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LYNN NEARY, HOST:

This is MORNING EDITION from NPR News. I'm Lynn Neary.

STEVE INSKEEP, HOST:

And I'm Steve Inskeep. Good morning.

Today in Your Health, a new study sheds light on a disturbing trend among young people. First, though, we'll get a better understanding of migraines.

NEARY: These debilitating headaches affect far more women than men. Decades ago, such headaches were attributed to women's inability to cope with stress - a sort of hysteria.

INSKEEP: Today, scientists know its all in your head. But not in that old fashioned sense. Migraines are biologically based, waves of electrical activity travelling across the brain.

NPR's Pattti Neighmond has more.

PATTI NEIGHMOND, BYLINE: For Barbara Ige, 47 years old, an administrator at Santa Monica College in California, the migraines started when she was a child.

BARBARA IGE: I was always considered kind of broken. I was the weak kid.

NEIGHMOND: Sounds, smells, certain movements could make her sick.

IGE: Anytime there was a smog alert, anytime that somebody came in the house wearing strong perfume or smoking. I couldn't ride in the backseat of a car, because if I did I'd start to throw up and then I'd get these incredible migraines.

NEIGHMOND: Family and friends viewed her, she says, as melodramatic, maybe even making it all up. In fact, nothing could be further from the truth says Dr. Andrew Charles, a neurologist at UCLA School of Medicine.

DR. ANDREW CHARLES: This is a PET scan of a patient having a migraine. So this was a patient who was in the scanner for other studies, but serendipitously had a migraine attack while in the scanner.

NEIGHMOND: Charles points to clusters of color that represent blood flow and brain activity.

CHARLES: You can see this spectacular wave of activity that spreads across the surface of the brain.

NEIGHMOND: Often beginning in the area of the brain that's involved in processing vision.

CHARLES: Which is why patients most commonly have visual aura, the jagged lines or sparkling lights that commonly occur in migraine patients. They occur in about 20 or 30 percent of migraine patients.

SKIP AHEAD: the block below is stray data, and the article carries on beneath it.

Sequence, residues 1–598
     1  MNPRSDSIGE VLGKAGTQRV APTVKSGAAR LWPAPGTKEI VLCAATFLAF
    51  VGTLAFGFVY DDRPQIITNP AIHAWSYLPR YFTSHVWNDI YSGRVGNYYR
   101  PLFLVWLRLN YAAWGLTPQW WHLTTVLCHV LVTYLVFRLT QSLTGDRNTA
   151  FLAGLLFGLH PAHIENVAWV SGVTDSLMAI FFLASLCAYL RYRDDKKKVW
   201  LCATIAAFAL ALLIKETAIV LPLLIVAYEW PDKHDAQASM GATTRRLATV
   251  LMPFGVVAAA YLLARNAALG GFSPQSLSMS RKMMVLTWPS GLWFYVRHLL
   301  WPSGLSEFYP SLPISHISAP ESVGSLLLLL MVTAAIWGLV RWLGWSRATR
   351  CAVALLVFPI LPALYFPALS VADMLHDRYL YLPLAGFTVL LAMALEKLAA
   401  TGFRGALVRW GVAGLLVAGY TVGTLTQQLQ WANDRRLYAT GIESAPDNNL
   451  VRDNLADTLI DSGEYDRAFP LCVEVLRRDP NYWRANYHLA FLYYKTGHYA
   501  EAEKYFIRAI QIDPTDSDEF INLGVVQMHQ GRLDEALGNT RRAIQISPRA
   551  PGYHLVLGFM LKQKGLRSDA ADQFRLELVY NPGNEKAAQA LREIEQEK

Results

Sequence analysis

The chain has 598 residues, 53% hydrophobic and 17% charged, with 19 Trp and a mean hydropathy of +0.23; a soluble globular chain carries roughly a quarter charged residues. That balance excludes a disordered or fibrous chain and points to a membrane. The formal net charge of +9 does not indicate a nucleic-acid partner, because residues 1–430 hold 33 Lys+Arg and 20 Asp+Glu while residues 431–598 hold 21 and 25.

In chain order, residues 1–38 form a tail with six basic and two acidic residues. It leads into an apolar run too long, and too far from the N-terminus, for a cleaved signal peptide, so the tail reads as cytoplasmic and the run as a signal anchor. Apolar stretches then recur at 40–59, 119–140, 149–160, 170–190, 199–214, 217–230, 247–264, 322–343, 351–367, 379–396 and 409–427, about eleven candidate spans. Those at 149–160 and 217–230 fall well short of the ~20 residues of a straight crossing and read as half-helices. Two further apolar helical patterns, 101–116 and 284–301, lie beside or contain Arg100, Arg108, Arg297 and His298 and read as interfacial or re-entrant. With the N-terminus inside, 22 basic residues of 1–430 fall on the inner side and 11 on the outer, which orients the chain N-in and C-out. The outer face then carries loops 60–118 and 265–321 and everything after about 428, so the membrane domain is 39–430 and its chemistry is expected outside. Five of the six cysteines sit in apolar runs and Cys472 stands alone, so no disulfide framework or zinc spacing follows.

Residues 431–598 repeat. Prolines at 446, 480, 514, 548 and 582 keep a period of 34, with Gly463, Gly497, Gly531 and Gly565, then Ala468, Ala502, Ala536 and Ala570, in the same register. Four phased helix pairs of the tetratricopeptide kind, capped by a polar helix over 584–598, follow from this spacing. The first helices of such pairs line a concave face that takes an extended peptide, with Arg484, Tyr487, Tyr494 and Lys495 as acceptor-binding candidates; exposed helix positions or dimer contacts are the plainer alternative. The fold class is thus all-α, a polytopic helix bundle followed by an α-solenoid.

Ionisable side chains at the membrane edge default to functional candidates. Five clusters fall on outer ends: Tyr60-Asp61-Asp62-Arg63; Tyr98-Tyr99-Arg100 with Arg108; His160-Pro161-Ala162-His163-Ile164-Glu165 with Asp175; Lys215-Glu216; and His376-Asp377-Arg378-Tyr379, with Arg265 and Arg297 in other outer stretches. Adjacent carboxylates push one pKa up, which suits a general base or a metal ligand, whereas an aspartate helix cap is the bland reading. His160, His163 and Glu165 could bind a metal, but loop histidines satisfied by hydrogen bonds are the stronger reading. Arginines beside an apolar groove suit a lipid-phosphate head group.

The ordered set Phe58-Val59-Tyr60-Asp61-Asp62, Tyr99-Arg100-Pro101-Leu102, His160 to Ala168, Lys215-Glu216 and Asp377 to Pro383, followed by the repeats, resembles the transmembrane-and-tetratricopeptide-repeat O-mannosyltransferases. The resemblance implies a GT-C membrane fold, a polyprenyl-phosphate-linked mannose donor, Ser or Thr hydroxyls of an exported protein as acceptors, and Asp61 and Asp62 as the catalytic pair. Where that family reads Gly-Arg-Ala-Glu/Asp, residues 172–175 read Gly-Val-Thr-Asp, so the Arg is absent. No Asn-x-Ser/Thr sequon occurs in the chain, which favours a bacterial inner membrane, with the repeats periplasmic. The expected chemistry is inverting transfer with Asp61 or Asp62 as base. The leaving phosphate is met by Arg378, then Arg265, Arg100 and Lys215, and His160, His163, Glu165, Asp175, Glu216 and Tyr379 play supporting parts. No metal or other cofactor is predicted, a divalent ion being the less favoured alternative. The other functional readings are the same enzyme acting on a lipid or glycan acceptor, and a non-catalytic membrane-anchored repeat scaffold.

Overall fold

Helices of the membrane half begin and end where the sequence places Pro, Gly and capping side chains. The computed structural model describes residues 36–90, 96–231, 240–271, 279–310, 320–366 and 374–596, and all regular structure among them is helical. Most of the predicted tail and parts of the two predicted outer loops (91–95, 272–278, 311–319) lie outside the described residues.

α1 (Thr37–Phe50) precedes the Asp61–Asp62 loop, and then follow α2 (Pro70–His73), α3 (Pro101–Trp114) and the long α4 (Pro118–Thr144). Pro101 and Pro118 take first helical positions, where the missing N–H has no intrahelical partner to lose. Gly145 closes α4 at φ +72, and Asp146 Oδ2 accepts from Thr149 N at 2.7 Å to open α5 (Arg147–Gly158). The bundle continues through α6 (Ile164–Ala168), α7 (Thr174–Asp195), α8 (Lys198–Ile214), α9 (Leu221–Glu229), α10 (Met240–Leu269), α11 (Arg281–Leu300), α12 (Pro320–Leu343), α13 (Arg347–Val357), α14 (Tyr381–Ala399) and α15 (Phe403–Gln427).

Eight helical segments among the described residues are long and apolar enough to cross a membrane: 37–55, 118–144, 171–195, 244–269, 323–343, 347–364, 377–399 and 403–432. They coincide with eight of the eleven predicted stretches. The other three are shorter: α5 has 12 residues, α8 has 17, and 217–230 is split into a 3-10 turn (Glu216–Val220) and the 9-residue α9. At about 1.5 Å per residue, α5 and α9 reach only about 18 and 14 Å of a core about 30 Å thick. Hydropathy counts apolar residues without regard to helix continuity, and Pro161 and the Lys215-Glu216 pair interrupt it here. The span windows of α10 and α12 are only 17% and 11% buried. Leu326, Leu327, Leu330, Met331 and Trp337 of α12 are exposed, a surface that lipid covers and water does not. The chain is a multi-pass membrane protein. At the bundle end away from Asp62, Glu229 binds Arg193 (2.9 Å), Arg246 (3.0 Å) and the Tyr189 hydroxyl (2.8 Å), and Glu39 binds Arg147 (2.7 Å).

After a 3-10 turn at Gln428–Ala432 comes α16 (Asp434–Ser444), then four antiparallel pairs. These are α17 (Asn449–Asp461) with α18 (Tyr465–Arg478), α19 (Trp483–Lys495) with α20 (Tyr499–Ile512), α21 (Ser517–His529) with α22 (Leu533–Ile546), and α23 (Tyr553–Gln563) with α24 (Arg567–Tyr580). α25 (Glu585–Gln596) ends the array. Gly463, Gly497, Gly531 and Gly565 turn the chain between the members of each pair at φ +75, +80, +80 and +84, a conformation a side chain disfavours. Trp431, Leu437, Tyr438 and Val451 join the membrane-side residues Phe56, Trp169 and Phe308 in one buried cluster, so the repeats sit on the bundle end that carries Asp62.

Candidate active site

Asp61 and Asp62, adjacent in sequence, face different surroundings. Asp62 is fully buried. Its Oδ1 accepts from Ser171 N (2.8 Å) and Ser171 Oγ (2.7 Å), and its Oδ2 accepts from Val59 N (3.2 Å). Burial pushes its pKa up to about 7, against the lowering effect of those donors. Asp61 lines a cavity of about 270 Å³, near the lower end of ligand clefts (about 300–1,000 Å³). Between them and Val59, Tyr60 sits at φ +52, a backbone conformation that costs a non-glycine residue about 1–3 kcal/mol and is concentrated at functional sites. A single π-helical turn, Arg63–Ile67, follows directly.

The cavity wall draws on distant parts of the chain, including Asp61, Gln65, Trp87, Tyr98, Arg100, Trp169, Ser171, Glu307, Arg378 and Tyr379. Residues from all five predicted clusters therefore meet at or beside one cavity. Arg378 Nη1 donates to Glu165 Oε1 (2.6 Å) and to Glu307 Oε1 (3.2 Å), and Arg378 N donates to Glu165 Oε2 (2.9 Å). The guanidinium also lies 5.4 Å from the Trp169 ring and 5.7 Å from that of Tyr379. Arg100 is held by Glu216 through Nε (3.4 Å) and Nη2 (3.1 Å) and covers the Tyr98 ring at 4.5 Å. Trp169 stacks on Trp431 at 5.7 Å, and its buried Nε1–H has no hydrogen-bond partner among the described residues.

NEIGHMOND: The wave then travels to other regions of the brain, sensation centers. Patients may feel tingling or numbness. The wave can even reach into the brain's language center.

CHARLES: And when that occurs it can cause really quite dramatic difficulty finding words or garbling of speech.

NEIGHMOND: Thinking can get confused. And then there's the pain. Dr. Charles' patient Barbara Ige.

IGE: For me, it starts as a dull pain, and then I can feel the side of my face going numb. The pressure starts all across my forehead, and then I can't move. I usually put a heating pad over - I actually have to wear a heating pad over my head. I wrap myself up so that I kind of can't move. I turn off all the lights and just wait for it to pass.

NEIGHMOND: That can take hours. Scientists believe the pain is generated from deep inside the brain and somehow related to the wave of excited brain cells. What triggers a migraine is nearly as complicated as the migraine itself. There are environmental changes like sounds, light, smells and movement. There are genes. Migraines are hereditary. But there is a major trigger and this is why women have so many more migraines than men. Neurologist Jan Brandes says it's all about fluctuating hormones.

DR. JAN BRANDES: And it's that hormonal link that we feel accounts for the increase from adolescence through - essentially through menopause for the increased numbers of women with migraine over men.

NEIGHMOND: The likely culprit is estrogen, but scientists think a number of other hormones may be involved. It's the uncertainty about exactly what, why and how that makes treatment so difficult. There are medications to reduce the pain and length of a migraine. Others cut down on the frequency of attacks. But there is no cure. And as many as half of all patients say treatment isn't effective.

And nearly everyone says they'd happily try something new if it became available. And that's exactly what Dr. Charles is trying to do here at UCLA's headache lab, which bulges with microscopes, cameras, lasers, computers and, here and there, a mouse.

CHARLES: The mouse has a haircut and you can actually see changes in brain activity, you know, through the intact skull of a mouse that is asleep under anesthesia. It's resting comfortably.

NEIGHMOND: Charles is tracking how the mouse brain reacts to a caffeine-like substance. Caffeine can trigger migraines in humans. Finding effective treatment to reduce the number of attacks is critically important, says neurologist Jan Brandes, because migraines beget migraines.

BRANDES: We've begun to see that frequency of attack is linked to permanent changes in brain. And I think that changes the playing field because that means we really need to think carefully about controlling frequency of attack and we need to try to do it earlier rather than later.

NEIGHMOND: Especially, says Brandes, because damage to the brain caused by chronic migraines can increase the risk of stroke.

Patti Neighmond, NPR News

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